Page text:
Blue chip defense companies make moves for Defense Department’s 5G plans

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Northrop Grumman and Lockheed Martin announce new partners for the department’s networked future.

Over quick succession this week, a pair of blue chip defense companies announced new partnerships with one of the world’s largest semiconductor makers and a large telecommunications carrier as they focus on network connectivity for the U.S. military.

Both partnerships also serve as reminders for how defense companies view 5G capabilities as core to their business, which often requires working with others in the global commercial technology landscape.

In a joint announcement Tuesday, Northrop Grumman and AT&T unveiled their collaboration to research and develop what they call a 5G-backed “digital battle network” for the Defense Department.

Northrop’s responsibility will be to provide its mission systems, while AT&T’s part will see the carrier put forth its 5G and other networking assets as part of their common research-and-development framework. The envisioned end result is an open architecture offering to help the military link distributed sensors, shooters and data into a single network environment the Pentagon calls JADC2—short for Joint All Domain Command and Control.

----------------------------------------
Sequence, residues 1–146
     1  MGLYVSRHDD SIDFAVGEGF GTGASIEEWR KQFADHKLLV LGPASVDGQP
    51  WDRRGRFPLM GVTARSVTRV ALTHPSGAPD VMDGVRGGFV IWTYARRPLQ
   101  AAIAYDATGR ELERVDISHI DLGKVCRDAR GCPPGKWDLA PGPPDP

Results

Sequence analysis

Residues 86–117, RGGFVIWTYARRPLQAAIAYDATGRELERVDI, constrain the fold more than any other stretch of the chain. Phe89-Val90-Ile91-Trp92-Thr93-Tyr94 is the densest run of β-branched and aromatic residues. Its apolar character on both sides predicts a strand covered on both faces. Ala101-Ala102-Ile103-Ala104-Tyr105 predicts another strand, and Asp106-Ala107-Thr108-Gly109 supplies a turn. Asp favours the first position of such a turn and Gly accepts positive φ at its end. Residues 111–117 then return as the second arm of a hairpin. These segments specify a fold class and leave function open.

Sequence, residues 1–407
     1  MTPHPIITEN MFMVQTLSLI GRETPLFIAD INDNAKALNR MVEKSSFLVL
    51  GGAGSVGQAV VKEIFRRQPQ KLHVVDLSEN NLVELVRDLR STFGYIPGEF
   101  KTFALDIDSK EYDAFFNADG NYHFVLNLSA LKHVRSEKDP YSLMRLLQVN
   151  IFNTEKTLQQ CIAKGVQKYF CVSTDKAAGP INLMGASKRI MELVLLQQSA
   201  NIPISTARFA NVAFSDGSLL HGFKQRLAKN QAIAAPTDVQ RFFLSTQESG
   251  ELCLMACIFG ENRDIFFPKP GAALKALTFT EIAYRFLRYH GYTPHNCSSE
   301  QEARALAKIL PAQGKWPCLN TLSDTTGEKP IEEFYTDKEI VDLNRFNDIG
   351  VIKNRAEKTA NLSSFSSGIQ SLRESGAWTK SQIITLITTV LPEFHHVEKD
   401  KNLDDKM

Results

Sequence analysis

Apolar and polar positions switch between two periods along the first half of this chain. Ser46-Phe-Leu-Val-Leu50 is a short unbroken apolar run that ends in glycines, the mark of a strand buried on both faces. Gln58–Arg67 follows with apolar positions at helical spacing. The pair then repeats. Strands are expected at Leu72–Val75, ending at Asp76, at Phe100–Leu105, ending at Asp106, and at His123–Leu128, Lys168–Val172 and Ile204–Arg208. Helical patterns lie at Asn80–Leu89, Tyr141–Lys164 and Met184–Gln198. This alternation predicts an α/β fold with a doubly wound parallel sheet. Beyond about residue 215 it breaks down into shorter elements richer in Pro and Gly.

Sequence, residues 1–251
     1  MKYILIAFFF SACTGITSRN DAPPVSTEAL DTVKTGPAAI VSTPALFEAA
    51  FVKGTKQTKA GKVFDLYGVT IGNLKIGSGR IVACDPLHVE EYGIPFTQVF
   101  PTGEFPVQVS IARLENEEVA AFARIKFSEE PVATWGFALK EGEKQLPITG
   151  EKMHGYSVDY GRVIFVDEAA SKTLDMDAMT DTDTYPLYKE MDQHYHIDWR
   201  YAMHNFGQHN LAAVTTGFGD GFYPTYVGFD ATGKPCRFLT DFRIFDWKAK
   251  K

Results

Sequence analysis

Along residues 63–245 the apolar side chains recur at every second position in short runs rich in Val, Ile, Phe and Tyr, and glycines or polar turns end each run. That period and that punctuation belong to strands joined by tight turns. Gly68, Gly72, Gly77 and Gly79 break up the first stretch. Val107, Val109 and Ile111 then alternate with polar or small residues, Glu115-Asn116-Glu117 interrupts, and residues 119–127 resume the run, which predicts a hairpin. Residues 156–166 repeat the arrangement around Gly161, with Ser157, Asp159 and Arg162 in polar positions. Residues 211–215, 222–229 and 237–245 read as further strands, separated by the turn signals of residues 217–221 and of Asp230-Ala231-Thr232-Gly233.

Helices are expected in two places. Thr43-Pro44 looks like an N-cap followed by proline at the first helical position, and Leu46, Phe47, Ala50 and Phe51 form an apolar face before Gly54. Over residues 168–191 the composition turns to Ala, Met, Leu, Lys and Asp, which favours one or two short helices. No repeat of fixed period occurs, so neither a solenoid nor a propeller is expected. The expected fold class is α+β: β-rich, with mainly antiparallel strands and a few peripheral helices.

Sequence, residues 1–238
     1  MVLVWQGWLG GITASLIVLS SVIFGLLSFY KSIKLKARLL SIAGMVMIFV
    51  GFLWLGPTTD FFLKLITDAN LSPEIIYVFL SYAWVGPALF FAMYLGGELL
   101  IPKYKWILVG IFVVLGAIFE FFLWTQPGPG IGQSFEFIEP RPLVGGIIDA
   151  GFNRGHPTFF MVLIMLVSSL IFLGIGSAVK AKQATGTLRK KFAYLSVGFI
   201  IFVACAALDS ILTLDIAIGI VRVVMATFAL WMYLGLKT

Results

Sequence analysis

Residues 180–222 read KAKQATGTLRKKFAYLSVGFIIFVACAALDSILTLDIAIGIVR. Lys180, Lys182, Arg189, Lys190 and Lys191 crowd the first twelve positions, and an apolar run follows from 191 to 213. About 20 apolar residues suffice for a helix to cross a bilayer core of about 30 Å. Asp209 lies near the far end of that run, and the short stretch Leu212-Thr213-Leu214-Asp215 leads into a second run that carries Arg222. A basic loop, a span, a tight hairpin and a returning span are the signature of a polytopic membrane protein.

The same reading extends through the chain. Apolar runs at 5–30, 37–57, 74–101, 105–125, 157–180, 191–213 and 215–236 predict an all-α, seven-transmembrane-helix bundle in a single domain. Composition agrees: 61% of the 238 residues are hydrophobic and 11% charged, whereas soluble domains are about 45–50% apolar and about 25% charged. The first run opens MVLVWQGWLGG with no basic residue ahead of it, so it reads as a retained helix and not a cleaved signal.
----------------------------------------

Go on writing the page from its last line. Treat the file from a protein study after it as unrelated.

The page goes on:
Given DOD’s overall interest in acquiring more commercial technologies, it is only natural for blue chip defense companies like Northrop to look at what AT&T and other carriers have put into their networks. Over the past five years, AT&T has invested $135 billion in upgrades to its wireless and wireline networks to position for the 5G rollout and revolution.

Meanwhile, Lockheed Martin has been sharing its vision of creating a 5G.MIL construct for DOD and bringing more commercially-oriented companies into that effort, including a collaboration with Verizon first announced in November.

On Monday, Lockheed Martin and Intel unveiled their collaboration to integrate 5G-enabled hardware and software into DOD's environment—another nod to JADC2 efforts.

At the time the companies started working together late last year, Lockheed-built ground vehicles were put through a demonstration to see how hardened security and that company’s 5G.MIL offerings operated in a cloud computing environment.

Intel’s side of the equation is providing processor technologies and other network support products for integration into a Lockheed 5G.MIL hybrid base station, which works as a multi-network gateway for communications between military personnel and platforms.

Further work between both companies will focus on a hybrid base station that can be relocated for expeditionary missions. That station will also feature in a 5G network testbed infrastructure—which includes Intel tech—at the Marine Corps’ Base Camp Pendleton in California.

Lockheed and Intel will also explore additional opportunities in developing new semiconductor packing applications for high-density electronics.

For Lockheed, this partnership with Intel fulfills one aspect of CEO Jim Taiclet’s agenda that includes reaching into the computer chip sector along with those in telecommunications and general technology.

Knowing where to find the latest and greatest is only part of the challenge though. Consider what Northrop CEO Kathy Warden said at the Axios What’s Next Summit on Tuesday in Washington, D.C. in announcing the partnership with AT&T: "We have solved the technology challenge. It's the application of it that will move at the speed the government is ready to move along with the industry."

Now the hard work begins.